EVERY step of progress at the state Department of Human Services deserves recognition — especially when the winners are those who literally take baby steps. DHS officials announced last week that they've practically eliminated the need for overnight shelter stays for abused and neglected children under age 2. Before we move on to the areas that still need work, we must pause and acknowledge a job well done.
Needing to place a baby or young toddler into a shelter setting at all is hard to swallow. Leaving them overnight where they know not a soul and in a strange bed is the stuff of heartbreak. We don't take lightly the hard work of those who made this progress possible.
“OKDHS cannot do this work alone and we would like to thank all Oklahomans who have stepped up recently to become foster parents,” said Deborah Smith, director of DHS Child Welfare Services. “We would also like to thank all of our private partners and the faith community for helping recruit, train and support foster families.”
The reduction comes as part of the Pinnacle Plan, a DHS reform effort borne out of a class-action lawsuit settlement against the agency regarding children in state custody. Agency leaders readily acknowledge much work remains, even on the issue of shelters. Come this summer, the agency wants no overnight shelter stays for children younger than 6. This will take even more foster families than the 930 recruited so far this fiscal year. The agency's goal is to have 2,000 new foster families by June 30.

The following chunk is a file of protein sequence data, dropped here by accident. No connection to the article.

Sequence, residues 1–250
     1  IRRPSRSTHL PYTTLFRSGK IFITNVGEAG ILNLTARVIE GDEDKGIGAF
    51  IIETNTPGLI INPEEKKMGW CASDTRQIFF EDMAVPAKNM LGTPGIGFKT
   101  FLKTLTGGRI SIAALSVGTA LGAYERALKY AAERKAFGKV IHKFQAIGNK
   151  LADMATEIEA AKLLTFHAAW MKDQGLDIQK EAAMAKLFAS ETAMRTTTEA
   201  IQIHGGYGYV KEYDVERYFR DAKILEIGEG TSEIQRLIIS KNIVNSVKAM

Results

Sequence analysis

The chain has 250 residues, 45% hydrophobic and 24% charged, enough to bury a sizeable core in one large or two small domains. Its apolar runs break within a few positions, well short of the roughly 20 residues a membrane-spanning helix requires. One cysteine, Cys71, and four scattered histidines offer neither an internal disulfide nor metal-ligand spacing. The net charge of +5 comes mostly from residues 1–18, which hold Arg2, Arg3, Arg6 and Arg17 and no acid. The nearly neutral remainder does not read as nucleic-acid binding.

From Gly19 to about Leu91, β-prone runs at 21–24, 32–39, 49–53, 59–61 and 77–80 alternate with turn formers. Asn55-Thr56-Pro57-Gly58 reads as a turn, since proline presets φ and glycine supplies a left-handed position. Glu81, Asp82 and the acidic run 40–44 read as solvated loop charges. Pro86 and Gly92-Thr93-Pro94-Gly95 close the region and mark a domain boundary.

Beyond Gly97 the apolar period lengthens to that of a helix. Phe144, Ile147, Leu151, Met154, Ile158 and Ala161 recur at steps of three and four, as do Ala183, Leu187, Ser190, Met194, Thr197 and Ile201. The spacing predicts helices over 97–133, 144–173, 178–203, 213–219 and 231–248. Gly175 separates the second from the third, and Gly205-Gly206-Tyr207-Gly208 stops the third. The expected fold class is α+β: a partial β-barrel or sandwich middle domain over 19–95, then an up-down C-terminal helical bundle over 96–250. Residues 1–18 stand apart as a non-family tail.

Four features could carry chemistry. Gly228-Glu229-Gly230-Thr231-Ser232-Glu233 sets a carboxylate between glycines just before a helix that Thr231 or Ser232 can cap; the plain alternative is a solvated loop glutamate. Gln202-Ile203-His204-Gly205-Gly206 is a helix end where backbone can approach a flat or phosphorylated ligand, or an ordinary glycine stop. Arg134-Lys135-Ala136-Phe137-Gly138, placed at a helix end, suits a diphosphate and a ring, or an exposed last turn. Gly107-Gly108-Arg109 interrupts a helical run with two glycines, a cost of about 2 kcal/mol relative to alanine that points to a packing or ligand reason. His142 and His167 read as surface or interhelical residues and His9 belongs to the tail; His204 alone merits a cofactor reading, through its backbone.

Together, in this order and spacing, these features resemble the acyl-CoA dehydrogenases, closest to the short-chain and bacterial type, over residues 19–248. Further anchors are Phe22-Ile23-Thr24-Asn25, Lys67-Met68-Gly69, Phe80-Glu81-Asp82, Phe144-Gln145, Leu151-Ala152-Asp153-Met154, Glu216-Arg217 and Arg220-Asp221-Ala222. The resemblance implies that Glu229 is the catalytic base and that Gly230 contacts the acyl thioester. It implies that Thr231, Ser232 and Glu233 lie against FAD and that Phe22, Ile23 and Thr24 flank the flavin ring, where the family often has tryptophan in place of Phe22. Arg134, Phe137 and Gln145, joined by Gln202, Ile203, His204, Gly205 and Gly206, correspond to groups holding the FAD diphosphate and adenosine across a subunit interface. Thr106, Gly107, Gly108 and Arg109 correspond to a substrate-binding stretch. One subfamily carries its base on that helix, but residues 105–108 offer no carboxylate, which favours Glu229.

Truth is, the state can't give kids the innocence of childhood that comes with being born and raised in a healthy, nuclear family. For some children, the pain of losing that innocence is everlasting. But for others, DHS in general and foster care in particular truly is their best hope. It's also far better than abusive or neglectful home situations.
We can't say enough about the people who've stepped up to provide foster care to our state's most vulnerable children. We also recognize the herculean effort this requires from DHS workers, who are ultimately responsible for certifying and finding appropriate homes and the ongoing monitoring required of each foster care placement. The load is especially heavy given the rate at which the agency is adding new foster homes.
Meantime, The Oklahoman's Randy Ellis reported that shelter overcrowding for older children remains a critical issue. The number of children staying overnight at Oklahoma City and Tulsa shelters actually increased in November compared with a year earlier. Combined, shelters in the cities housed an average of 123 children in November.
No one can pretend any of the solutions to strengthen the state's child welfare safety net are easy or cheap. But we hope all Oklahomans can agree that the only choice on behalf of children is to keep pushing forward, and every improvement is worth acknowledging if not celebrating.